Got stress? : Four surprisingly effective ways to relieve stress

Got stress? : Four surprisingly effective ways to relieve stress

1. Senior Brian Johnson releases some suppressed stress by blowing up a balloon and listening to its sweet sounds as it flew through the air. 2. Acting as a blast from the past, silly putty encourages the child inside of all of us to temporarily forget about the many stresses of high schol and pre-adulthood. 3. Prudence Chan expresses her love for laughter and shows that there is nothing better than a good, hearty laugh at the end of a long day. 4. Freshman Andy Castillo welcomes the soothing scents of citrus as an escape from difficult school work and complex projects.

Ana Gutierrez, Staff Writer

According to Body and Soul, a website on health and happiness, blowing up a balloon requires full use of the diaphragm through deep and slow breathing, which then reduces the heart rate and relaxes the muscles in the body.

“As I blew into the balloon I got all pudgy,” senior Brian Johnson said. “After feeling relaxed and focused, I let go of the balloon but then it made a super loud farting noise as all the air rushed out, which gave me the giggles and entertained me for quite a while.”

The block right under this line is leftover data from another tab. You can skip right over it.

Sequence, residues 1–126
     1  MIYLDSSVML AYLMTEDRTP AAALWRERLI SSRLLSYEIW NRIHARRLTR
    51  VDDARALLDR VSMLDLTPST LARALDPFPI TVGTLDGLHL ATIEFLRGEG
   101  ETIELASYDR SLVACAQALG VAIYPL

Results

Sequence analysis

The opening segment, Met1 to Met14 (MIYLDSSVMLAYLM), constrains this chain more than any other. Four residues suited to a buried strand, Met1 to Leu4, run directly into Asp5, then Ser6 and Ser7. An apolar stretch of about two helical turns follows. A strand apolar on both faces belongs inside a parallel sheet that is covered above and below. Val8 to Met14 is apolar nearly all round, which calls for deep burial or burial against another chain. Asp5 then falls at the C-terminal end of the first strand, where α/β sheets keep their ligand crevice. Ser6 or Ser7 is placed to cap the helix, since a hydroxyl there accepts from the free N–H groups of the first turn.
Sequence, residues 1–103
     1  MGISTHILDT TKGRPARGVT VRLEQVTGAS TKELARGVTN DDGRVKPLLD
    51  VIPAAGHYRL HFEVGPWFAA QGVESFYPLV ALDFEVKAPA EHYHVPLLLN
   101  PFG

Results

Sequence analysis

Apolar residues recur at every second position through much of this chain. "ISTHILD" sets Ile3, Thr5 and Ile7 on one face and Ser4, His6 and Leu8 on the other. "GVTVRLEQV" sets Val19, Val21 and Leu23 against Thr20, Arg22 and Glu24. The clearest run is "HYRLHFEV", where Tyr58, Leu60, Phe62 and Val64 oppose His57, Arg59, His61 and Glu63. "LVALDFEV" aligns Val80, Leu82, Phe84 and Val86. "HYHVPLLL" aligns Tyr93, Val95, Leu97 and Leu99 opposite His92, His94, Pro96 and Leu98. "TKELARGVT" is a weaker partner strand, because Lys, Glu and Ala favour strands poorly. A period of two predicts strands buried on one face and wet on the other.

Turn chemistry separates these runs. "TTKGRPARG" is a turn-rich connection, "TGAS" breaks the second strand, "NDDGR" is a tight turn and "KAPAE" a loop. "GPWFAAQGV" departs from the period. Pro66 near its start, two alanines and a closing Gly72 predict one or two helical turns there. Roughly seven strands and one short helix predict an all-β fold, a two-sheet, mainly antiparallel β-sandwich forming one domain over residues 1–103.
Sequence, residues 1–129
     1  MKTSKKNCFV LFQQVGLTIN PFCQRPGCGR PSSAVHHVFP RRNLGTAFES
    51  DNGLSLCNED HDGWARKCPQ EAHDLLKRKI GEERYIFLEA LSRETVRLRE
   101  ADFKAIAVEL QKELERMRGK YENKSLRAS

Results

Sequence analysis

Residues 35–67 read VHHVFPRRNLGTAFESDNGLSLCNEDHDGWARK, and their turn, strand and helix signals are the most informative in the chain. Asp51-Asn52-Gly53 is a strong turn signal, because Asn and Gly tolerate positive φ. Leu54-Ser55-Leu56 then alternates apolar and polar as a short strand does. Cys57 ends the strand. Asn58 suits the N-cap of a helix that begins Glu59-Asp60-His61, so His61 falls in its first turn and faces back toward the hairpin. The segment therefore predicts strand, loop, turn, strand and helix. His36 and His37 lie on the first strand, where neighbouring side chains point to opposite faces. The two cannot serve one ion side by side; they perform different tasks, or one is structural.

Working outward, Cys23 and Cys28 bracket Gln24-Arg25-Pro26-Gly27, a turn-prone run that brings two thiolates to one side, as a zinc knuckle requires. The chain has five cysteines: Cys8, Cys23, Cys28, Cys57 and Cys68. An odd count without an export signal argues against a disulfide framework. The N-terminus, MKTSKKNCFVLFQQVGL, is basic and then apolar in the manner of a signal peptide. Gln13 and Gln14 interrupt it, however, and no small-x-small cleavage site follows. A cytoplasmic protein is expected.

The classic childhood pastime of shaping squishy blocks of silly putty into multiple types of objects has proven to do more than just expressing a child’s imagination. According to the Love to Know Stress Management website, shaping, mashing or rolling silly putty helps the mind focus by providing a physical outlet for built up stress.

“I did use my silly putty more than ever during finals; in between mental breakdowns I found it rather relaxing to roll my silly putty,” junior Reggie Fenner said.

Professional studies recently conducted on the effects of humor in an individual’s life prove that laughter soothes tension, improves the immune system, relieves pain, but most importantly helps cope with depression and anxiety.

An even cooler discovery is that laughter will not only improve one’s life and health but the well-being of others as well. 

“Laughing makes me happy because it makes other people smile,” junior Prudence Chan said. “Sharing that happiness is my secret to joy.”

Sour to the taste but sweet to the health; according to, the odor given off by lemons contains a substance called linalool with anti-inflammatory properties that relax the brain and the body.  As the fresh scent travels up the nose, tiny olfactory nerves transfer the linalool to a system in your brain called the hypothalamus and reduces the activity of stress-ridden genes in the body.

“I feel refreshed already,” freshman Andy Castillo said after giving it a try.